Who We Are
The East Maui Watershed Partnership is committed to protecting this watershed for the people of Maui. Our watersheds are our source of water, culture and biodiversity.
The East Maui Watershed Partnership (EMWP) is an environmental effort between federal, state and private landowners to preserve the native forest. We and our partners want to ensure that Maui’s residents have a clean source of water for domestic, commercial and agricultural uses for this and future generations.
The Partnership does not seek to resolve issues about water rights, Hawaiian sovereignty, or recreational access, and is not related to any future plans to develop new water resources in East Maui.
The East Maui Watershed includes approximately 100,000 acres of land and is made up of many smaller watersheds. This watershed produces an average of 60 billion gallons per year for Maui’s agricultural industry, residents and farmers. That’s a lot of water! In fact, it is the largest single source of surface water in the state of Hawai’i.
The East Maui Watershed is also home to an incredible menagerie of rare and endangered plants, birds, and bugs. Hawai’i is the endangered species capital of the world. Protecting the watershed also saves the habitat in which these special creatures live.
From cloud to forest and into your cup
How does all this water get to people? East Maui’s watershed provides water for upcountry Maui (Kula, Pukalani, Makawao, Haiku). The water is collected and distributed by East Maui Irrigation’s (EMI) system. It includes 7 reservoirs that can store 274 million gallons and 74 miles of ditches, tunnels and numerous pipes and flumes, transporting 450 million gallons of water per day.
EMWP’s sole purpose is to ensure that the East Maui Watershed remains a viable resource for this and future generations. We do not seek to resolve issues about water rights, Hawaiian sovereignty, or recreational access. We are not related to any future plans to develop new water resources in East Maui.
What We Do
Water is a precious resource. So is the biodiversity of species in our native forests. As leaders in our community, we are trying to ensure these resources are protected so that Maui’s most precious resource, her children, can benefit from our current watershed protection efforts. We do this via natural resource management and outreach to the community.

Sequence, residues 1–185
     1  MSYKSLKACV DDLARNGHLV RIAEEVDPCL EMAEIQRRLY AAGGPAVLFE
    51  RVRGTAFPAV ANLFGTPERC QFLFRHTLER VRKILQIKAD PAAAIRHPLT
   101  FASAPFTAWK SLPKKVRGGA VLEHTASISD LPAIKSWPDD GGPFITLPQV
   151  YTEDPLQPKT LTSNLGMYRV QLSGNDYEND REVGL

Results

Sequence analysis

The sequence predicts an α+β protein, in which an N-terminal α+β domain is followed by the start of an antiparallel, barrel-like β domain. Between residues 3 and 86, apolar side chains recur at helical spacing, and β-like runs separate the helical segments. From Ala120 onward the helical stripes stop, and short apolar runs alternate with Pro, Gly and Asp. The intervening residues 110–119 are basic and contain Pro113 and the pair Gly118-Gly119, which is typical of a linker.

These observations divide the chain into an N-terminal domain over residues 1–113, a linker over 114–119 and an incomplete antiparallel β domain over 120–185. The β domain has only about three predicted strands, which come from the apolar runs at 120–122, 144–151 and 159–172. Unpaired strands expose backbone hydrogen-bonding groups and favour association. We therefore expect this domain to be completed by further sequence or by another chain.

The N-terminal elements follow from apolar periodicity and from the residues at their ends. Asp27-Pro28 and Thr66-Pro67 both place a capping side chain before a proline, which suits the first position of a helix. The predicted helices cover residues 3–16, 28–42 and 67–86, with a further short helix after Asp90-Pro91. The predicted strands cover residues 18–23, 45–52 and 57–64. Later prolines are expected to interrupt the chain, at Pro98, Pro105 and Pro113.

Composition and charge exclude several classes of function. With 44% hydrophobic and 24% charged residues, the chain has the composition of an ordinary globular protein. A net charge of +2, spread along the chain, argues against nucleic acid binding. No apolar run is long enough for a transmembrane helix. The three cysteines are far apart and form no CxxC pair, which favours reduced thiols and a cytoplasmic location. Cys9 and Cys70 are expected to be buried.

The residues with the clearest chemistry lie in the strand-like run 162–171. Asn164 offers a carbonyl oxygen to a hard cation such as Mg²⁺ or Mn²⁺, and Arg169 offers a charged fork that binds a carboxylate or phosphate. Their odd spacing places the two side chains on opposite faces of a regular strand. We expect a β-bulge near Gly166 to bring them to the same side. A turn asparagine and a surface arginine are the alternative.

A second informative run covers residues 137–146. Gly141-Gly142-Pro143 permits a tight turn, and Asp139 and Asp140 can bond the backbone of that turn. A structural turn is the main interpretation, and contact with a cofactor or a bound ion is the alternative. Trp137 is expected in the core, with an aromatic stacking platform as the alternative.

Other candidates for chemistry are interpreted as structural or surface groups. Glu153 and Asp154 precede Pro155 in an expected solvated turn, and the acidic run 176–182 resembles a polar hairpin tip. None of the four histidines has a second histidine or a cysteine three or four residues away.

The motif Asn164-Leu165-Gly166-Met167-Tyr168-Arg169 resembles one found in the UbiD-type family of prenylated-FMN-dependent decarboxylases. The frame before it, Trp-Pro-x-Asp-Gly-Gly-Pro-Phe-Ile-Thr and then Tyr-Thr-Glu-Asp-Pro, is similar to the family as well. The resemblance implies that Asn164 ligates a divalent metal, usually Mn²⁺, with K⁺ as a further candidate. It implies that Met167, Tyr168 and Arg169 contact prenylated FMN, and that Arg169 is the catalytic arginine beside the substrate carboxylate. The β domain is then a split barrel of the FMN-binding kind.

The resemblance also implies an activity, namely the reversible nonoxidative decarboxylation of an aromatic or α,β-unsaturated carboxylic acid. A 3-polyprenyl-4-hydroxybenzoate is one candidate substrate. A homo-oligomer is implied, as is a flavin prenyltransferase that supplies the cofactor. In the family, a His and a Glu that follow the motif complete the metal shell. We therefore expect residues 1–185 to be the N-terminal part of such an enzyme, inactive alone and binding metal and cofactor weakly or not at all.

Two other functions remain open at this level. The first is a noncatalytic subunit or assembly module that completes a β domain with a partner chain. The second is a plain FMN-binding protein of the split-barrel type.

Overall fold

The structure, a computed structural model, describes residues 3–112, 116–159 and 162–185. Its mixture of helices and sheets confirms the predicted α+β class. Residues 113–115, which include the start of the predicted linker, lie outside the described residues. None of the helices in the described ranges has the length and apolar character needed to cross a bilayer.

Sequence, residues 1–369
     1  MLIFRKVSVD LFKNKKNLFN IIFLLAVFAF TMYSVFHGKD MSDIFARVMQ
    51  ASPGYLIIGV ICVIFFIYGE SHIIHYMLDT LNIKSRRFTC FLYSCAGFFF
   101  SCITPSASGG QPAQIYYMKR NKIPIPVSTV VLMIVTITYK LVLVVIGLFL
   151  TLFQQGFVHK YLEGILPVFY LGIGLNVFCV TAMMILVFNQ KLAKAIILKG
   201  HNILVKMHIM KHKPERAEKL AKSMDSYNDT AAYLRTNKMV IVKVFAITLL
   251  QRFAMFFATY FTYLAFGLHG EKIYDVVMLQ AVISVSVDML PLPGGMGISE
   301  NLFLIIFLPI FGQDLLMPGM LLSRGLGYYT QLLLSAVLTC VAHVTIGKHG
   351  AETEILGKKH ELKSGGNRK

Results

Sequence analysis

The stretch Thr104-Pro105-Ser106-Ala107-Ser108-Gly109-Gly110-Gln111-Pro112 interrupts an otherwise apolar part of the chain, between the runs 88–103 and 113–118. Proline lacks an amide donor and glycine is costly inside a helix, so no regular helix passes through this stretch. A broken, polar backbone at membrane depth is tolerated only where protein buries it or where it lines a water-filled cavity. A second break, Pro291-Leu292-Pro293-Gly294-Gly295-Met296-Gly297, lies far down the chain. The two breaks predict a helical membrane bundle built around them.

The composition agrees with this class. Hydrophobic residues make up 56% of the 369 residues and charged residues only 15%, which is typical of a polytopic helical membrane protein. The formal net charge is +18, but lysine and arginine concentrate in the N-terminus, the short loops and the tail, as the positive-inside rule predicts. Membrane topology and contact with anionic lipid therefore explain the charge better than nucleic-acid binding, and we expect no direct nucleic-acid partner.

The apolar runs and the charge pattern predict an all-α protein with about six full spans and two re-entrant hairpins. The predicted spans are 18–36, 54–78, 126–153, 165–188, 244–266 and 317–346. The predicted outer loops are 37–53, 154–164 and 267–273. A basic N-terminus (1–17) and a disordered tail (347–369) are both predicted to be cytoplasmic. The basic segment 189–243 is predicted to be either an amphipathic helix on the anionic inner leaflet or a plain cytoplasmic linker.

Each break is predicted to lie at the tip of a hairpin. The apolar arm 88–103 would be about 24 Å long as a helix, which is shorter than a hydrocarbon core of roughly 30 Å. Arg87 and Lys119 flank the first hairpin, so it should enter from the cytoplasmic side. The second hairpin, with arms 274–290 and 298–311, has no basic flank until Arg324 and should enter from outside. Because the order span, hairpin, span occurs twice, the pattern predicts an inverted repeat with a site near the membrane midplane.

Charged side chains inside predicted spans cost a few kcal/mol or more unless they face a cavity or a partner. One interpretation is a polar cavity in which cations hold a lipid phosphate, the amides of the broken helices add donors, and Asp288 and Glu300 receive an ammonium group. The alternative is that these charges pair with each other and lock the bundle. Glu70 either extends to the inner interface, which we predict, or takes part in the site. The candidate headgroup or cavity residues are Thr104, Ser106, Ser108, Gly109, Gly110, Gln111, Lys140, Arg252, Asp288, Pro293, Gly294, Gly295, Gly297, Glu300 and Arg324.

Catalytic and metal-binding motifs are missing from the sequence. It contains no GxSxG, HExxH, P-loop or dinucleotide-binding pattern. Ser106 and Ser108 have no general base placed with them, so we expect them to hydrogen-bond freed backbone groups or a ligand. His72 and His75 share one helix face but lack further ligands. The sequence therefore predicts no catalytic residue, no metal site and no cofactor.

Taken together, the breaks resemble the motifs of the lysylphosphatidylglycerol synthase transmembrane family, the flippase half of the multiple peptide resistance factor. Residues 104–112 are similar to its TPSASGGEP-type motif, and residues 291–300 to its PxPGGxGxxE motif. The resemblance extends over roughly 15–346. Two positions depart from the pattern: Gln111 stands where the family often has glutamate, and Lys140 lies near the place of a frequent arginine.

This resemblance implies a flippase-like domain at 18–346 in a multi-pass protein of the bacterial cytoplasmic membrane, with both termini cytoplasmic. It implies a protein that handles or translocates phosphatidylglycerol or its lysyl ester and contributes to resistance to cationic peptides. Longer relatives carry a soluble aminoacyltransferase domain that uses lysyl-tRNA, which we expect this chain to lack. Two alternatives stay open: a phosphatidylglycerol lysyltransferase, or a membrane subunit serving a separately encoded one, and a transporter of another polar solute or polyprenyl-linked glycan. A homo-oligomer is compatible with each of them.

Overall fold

Natural Resource Management
The East Maui Watershed Partnership staff and our partners are implementing several programs to protect and monitor the native ecosystem. Projects include fence construction and maintenance, the removal of invasive plant and animal species within the watershed, implementing runoff and stream protection measures, and monitoring water quality.
Since 1991, significant progress has been made to protect the pristine areas of the East Maui Watershed. The partner agencies and staff of EMWP have:
- Constructed over 7 miles of fence in the remote areas of the watershed
- Implemented a hunting program to increase access for hunters
- Developed a monitoring and management plan
- Initiated animal control and invasive plant species programs above the fence lines
Education and Outreach
EMWP is largely a community based organization. Ultimately, the watershed must be taken care of by the people of Maui, just as it was many years ago by Hawaiians in the ahupua’a. Without the help and support of the community, business leaders and politicians, a healthy watershed and water supply cannot exist.
The EMWP Outreach Program offers four activites to the Maui community. Go to the Teachers’ Resources page for complete details.
1) classroom presentations
2) interpretive hikes and field studies
3) educational displays at your community or school event
4) art contest
We hope to educate the public on the importance and value of a healthy watershed. Our eyes and ears are open to ideas and suggestions. Look for us at local festivals, in classrooms, in your local paper, and on the highway (we have adopted a 2-mile stretch of Hana Highway near Ke’anae).
Why We Do It
The East Maui Watershed Partnership is committed to protecting this watershed for the people of Maui, to provide them with a source of clean fresh water for household, agricultural and industrial use. Protection of East Maui’s Watershed will also ensure that people will be able to appreciate the unique beauty of Maui’s forest ecosystem for generations to come.
Why is a forested watershed so important? >>Management
Where We Work
The East Maui Watershed is located on the windward slopes of Haleakala. Its native forested ecosystems represent the largest intact native forest area on the island of Maui (20% of the entire island) and one of the largest intact native areas in the State of Hawai’i. The watershed is habitat for the world’s greatest concentration of endangered birds, as well as several plant and invertebrate species found nowhere else on the planet.
A native forested watershed is known to be the most efficient and clean collector and distributor of surface water on the islands. Therefore, protection of the native forest not only protects habitat for rare and endangered species, but also provides Maui with a clean and renewable source of fresh water.
Learn more about watersheds >>Explore the Watershed